More than 80,000 CCTV cameras made by Chinese-state-owned company Hikvision have been exposed online after owners failed to install a firmware update released last year, or left default passwords in place when first setting the devices up, a new study has found.
A flaw known as CVE-2021-36260, first spotted last year, is easily exploitable via a crafted message sent to the vulnerable web server linked to the camera. It was addressed by Hikvision via a firmware update in September that was made available to the owners of more than 280,000 installed cameras that had been left vulnerable.
A whitepaper by cybersecurity company CYFIRMA describes 2,300 organisations in 100 countries, covering about 80,000 CCTV cameras still haven’t patched their systems with the Hikvision update, despite known exploits of this flaw being found in the wild.
One of these exploits was published in October and another in February this year showing evidence that it could be used by hackers of all skill levels and widely shared within hacker forums. In December last year, a Mirai-based Botnet used this exploit to spread itself and enlist the systems into a DDoS swarm.
In its whitepaper, CYFIRMA says Russian-language forums are selling network entrance points that rely on exploitable Hikvision cameras for use in botnetting or as lateral movement into other parts of a network.
Out of 285,000 Hikvision web servers analysed by CYFIRMA about 80,000 were still vulnerable to exploitation with most in China and the US, but others were also found in the UK, Ukraine and France. There were more than 2,000 endpoints left exposed due to a lack of patching.
There are multiple hackers exploiting this unpatched flaw so there isn’t a single specific pattern to the exploitation, but CYFIRMA says there is evidence of state hackers involved. This includes the APT41 and APT10 groups from China as well as Russian hackers that specialise in cyberespionage.
"Specifically in the Russian forums, we have observed leaked credentials of Hikvision camera products available for sale," CYFIRMA wrote in the whitepaper. "These can be leveraged by hackers to gain access to the devices and exploit further the path of attack to target an organization's environment."
CYFIRMA had previously seen groups launching a cyberespionage campaign called "think pocket", which exploited a popular connectivity product. This campaign was targeting industries including telecom, energy, defense, research and government organisations in the US, Japan, UK and Australia. The attacks using the Hikvision exploit mirrors those seen in this previous campaign.
"Given the current geopolitical driven cyberwarfare brewing across the world, we suspect an uptick in cyberattacks from various nation-state threat actors on critical infrastructure, state entities, defence organizations, and many more," the researchers wrote.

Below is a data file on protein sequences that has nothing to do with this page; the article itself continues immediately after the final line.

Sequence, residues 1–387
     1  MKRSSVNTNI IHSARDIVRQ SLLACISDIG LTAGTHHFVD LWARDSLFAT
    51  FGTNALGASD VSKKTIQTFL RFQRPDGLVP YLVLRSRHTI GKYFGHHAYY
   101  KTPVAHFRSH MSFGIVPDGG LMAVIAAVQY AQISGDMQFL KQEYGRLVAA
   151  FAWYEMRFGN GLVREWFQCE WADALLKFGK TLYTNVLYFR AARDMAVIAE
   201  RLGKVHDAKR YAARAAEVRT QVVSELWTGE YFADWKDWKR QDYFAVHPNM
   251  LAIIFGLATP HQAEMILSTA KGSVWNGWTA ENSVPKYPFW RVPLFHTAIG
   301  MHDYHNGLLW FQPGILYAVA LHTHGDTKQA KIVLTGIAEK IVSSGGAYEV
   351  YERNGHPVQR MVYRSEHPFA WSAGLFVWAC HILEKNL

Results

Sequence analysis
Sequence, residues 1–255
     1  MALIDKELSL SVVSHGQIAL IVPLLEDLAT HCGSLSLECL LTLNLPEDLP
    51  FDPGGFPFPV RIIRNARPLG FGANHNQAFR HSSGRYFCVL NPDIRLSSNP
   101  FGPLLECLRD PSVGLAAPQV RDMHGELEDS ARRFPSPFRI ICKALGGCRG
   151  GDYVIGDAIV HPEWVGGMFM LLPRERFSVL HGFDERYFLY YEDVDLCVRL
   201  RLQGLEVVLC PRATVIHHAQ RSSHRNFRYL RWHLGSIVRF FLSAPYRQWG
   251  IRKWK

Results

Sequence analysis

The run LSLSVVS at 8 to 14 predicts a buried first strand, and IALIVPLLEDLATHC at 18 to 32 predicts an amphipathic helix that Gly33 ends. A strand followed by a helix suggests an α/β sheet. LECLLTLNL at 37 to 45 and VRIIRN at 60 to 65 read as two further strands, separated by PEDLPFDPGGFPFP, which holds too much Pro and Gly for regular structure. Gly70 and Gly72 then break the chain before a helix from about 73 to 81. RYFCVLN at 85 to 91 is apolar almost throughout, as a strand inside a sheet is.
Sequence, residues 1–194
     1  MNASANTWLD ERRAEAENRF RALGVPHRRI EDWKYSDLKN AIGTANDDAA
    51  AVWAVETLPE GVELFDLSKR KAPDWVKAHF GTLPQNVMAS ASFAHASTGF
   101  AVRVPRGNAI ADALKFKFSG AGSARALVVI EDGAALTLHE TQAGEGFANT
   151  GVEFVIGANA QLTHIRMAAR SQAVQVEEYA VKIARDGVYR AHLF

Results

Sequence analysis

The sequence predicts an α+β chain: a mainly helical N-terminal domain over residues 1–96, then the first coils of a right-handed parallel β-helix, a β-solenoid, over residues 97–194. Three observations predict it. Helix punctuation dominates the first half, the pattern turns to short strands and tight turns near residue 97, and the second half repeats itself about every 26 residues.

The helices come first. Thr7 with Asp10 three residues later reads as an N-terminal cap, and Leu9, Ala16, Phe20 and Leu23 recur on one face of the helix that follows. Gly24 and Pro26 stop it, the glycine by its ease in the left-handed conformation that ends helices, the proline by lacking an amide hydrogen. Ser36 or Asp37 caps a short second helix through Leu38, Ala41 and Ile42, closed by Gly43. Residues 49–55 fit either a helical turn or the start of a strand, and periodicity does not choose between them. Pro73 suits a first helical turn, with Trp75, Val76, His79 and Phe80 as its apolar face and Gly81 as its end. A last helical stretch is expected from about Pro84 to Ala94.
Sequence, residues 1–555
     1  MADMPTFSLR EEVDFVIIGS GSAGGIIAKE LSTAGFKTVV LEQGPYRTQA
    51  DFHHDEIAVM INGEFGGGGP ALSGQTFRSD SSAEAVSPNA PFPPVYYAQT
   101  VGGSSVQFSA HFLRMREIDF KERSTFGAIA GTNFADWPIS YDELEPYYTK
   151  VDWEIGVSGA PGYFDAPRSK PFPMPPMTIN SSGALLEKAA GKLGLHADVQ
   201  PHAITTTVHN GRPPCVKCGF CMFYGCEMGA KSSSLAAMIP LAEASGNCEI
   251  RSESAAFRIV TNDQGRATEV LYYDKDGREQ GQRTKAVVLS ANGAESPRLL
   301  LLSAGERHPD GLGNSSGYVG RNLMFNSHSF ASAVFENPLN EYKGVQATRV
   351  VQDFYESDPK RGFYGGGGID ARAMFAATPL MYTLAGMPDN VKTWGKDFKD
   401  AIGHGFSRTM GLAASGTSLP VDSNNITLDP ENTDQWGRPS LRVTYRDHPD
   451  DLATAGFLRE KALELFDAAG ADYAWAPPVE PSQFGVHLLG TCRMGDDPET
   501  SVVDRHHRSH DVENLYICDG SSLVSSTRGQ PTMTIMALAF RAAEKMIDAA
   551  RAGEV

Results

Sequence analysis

"Open vulnerabilities and ports in such devices will only compound the impact on targeted organizations and their countries economic and state prowess. It is paramount to patch the vulnerable software of the Hikvision camera products to the latest version."
Default passwords left in place
The vulnerability wasn't the only problem facing the owners of these cameras. Hackers were also exploiting the fact many had weak passwords or in some cases had even left the default passwords in place and not reset them as recommended during the initial setup.
Jake Moore, global security advisor for cybersecurity vendor ESET, said a combination of weak passwords and a vulnerability issue that could be easily exploited created a damaging “double hit”. He told Tech Monitor: “The latest firmware patch is immediately required for anyone operating these cameras and it goes without saying that strong passwords are vital.”
Hikvision cameras can be found in their millions on government and official buildings around the world, with an estimated one million on buildings in the UK alone. UK sites include government and publicly-owned property. There has been a push against their use in the UK, in part due to Hikvision's implication in aiding Chinese oppression in Xinjiang province in China but also because of the company's close links to the Chinese government.
Recently the Department for Work and Pensions (DWP) removed Hikvision from its buildings and the Department for Health and Social Care cancelled its contract with the company to provide CCTV at its sites. In July, a group of 67 MPs and Lords called for a nationwide ban on both Hikvision and another Chinese company, Dahua surveillance technology.
The UK government has responded to the rising concern about these companies, telling the BBC that it “takes the security of our citizens, systems and establishments very seriously and have a range of measures in place to scrutinise the integrity of our arrangements”.
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